The group said that the Autonomous Mining Working Group, one of several focused groups it hosts, has been developing outlines for implementing autonomous systems for the past year. Then, last August, it identified functional safety as a topic needing significant independent consideration.
"The mining industry is embracing automation, but mobile automation technologies are still in the early stages of technology development; as a result, there lacks clear guidance and industry alignment on requirements for managing functional safety," GMG said.
It also pointed out that, with regard to original equipment manufacturers (OEMs), these companies are at varying maturity levels as there currently is not an explicit, developed outline for this equipment; additionally, regulatory authorities also have not provided much in the way of guidance.
"Overall, there is general confusion over which standards to follow, and GMG's Autonomous Mining Working Group plans to offer this much-needed clarity by developing a guideline on functional safety requirements for autonomous equipment," it added.
The group's project goal is to offer a ‘unified industry understanding of the functional safety requirements for mobile autonomous equipment' that provides a clear definition of functional safety and also dictates who is responsible for it and creating a collective view of minimum requirements. GMG also wants to present general guidance on testing and verification.
The resulting deliverable in the project will be a developed process for the industry to follow that documents existing relevant standards and considers constraints, present use cases, share lessons learned, and clarify ownership, accountability and construction of functional safety management planning.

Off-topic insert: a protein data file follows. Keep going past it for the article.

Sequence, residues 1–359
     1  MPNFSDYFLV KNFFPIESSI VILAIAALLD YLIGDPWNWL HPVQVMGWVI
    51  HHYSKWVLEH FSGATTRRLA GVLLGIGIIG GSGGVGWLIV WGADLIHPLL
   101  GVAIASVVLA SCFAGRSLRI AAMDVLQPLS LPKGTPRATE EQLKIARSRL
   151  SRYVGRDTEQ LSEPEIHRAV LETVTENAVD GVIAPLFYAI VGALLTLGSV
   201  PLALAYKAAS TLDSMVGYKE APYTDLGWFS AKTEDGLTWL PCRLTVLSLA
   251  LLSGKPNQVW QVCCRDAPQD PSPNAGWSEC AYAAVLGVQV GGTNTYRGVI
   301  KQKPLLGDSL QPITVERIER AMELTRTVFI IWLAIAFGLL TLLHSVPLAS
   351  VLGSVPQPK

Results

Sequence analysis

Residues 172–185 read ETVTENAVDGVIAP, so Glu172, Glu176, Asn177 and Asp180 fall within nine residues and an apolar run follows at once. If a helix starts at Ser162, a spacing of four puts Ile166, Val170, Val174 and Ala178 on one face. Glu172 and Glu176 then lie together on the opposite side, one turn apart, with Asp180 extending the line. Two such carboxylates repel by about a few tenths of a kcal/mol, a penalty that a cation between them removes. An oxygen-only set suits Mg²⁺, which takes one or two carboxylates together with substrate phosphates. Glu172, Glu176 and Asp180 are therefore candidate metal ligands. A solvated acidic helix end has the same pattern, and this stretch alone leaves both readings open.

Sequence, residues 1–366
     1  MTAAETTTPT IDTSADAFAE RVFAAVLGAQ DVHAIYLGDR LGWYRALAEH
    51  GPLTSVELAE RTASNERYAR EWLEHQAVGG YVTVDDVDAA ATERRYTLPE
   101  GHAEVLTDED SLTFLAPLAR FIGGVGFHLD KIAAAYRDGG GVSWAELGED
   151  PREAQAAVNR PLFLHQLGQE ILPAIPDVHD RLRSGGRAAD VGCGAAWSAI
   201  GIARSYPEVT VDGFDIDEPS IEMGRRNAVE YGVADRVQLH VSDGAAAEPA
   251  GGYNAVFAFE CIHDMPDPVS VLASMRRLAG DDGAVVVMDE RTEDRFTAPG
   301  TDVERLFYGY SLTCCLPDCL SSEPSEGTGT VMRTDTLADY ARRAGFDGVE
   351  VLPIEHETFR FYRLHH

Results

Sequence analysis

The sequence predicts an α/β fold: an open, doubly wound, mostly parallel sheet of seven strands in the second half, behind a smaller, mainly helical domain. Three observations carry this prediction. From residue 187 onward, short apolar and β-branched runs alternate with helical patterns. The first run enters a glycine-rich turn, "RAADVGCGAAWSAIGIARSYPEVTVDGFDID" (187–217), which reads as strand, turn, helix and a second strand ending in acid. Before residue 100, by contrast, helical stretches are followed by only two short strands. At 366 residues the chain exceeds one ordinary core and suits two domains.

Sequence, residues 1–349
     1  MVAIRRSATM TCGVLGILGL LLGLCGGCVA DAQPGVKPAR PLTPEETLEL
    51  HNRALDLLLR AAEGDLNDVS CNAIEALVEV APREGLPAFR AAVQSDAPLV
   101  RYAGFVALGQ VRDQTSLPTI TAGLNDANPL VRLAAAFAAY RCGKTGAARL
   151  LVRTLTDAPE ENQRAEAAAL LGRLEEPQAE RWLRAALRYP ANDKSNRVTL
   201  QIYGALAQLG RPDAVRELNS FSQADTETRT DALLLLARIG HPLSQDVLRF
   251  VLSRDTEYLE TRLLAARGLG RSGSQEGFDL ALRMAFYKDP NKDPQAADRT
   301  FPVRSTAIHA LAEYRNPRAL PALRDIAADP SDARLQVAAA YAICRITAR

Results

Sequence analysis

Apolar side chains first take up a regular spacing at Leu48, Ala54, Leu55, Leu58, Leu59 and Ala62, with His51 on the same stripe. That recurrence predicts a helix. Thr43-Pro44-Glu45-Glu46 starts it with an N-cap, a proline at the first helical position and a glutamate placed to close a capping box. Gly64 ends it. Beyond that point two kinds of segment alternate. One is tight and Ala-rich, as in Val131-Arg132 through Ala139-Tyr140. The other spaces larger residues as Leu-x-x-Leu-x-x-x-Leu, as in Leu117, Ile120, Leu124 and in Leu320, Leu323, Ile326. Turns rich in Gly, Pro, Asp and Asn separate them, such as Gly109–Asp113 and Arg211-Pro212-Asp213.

GMG's working group recently held its kick-off workshop in Perth, Australia, where it began its work by collecting input on key issues to cover and prioritised preliminary project goals.
The workshop was a great first step, according to project co-leader and Rio Tinto principal adviser for functional safety Gareth Topham.
"The level of engagement from a group that included equal representation of operators, OEMs and third-party support services was outstanding," he said.
"The strong early engagement bodes well for the project's future because participation from a wide variety of stakeholders and subject matter experts will contribute to the project's success."
The group is looking for participation from across the industry for this project, from mining companies and operators to OEMs. It also wants the feedback of regulators, inspectors, system integrators, standards organisations, technology providers, and mining and machine specific subject matter experts.
Dates and location for the next automation project workshop will be announced before the end of this year.